Posted on Apr 27, 2016, 6 a.m.
Ultra-thin, minimally invasive device capable of controlling brain cells with drugs and light.
Researchers at the Washington University School of Medicine (Missouri, USA), and University of Illinois (Illinois, USA), created a remote controlled, next-generation tissue implant that allows neuroscientists to inject drugs and shine lights on neurons deep inside the brains of mice, which enabled the team to wirelessly determine the path a mouse walks with a press of a button. With a thickness of 80 micrometers and a width of 500 micrometers, the optofluidic implant is thinner than the metal tubes (cannulas) that scientists typically use to inject drugs, thus resulting in less implant damage and brain tissue displacement. The scientists tested the device's drug delivery potential by surgically placing it into the brains of mice. In some experiments, they showed that they could precisely map circuits by using the implant to inject viruses that label cells with genetic dyes. In other experiments, they made mice walk in circles by injecting a drug that mimics morphine into the ventral tegmental area (VTA), a region that controls motivation and addiction. The researchers also tested the device's combined light and drug delivery potential when they made mice that have light-sensitive VTA neurons stay on one side of a cage by commanding the implant to shine laser pulses on the cells. The mice lost the preference when the scientists directed the device to simultaneously inject a drug that blocks neuronal communication. In all of the experiments, the mice were about three feet away from the command antenna. Reporting that: “We demonstrate these devices in freely moving animals to modify gene expression, deliver peptide ligands, and provide concurrent photostimulation with antagonist drug delivery to manipulate mesoaccumbens reward-related behavior,” the study authors submit that. “The minimally invasive operation of these probes forecasts utility in other organ systems and species, with potential for broad application in biomedical science, engineering, and medicine."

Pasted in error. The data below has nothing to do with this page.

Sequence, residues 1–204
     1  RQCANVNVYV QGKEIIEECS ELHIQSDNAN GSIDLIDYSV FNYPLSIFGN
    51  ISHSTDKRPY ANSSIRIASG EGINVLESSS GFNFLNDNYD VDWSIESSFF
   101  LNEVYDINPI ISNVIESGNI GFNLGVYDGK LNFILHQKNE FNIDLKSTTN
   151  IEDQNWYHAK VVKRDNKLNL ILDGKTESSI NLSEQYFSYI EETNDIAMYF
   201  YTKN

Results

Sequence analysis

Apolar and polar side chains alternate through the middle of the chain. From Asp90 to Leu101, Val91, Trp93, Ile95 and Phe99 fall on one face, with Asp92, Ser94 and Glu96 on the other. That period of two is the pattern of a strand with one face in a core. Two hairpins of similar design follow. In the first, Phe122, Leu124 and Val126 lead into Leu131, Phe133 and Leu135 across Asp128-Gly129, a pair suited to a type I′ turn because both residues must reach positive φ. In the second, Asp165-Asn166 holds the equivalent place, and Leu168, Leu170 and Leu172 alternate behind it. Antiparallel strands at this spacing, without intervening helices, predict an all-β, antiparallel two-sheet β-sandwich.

Jeong JW, McCall JG, Shin G, Zhang Y, Al-Hasani R, Kim M, Li S, Sim JY, Jang KI, Shi Y, Hong DY, Liu Y, Schmitz GP, Xia L, He Z, Gamble P, Ray WZ, Huang Y, Bruchas MR, Rogers JA. “Wireless Optofluidic Systems for Programmable In Vivo Pharmacology and Optogenetics.” Cell. 2015 Jul 14. pii: S0092-8674(15)00828-4.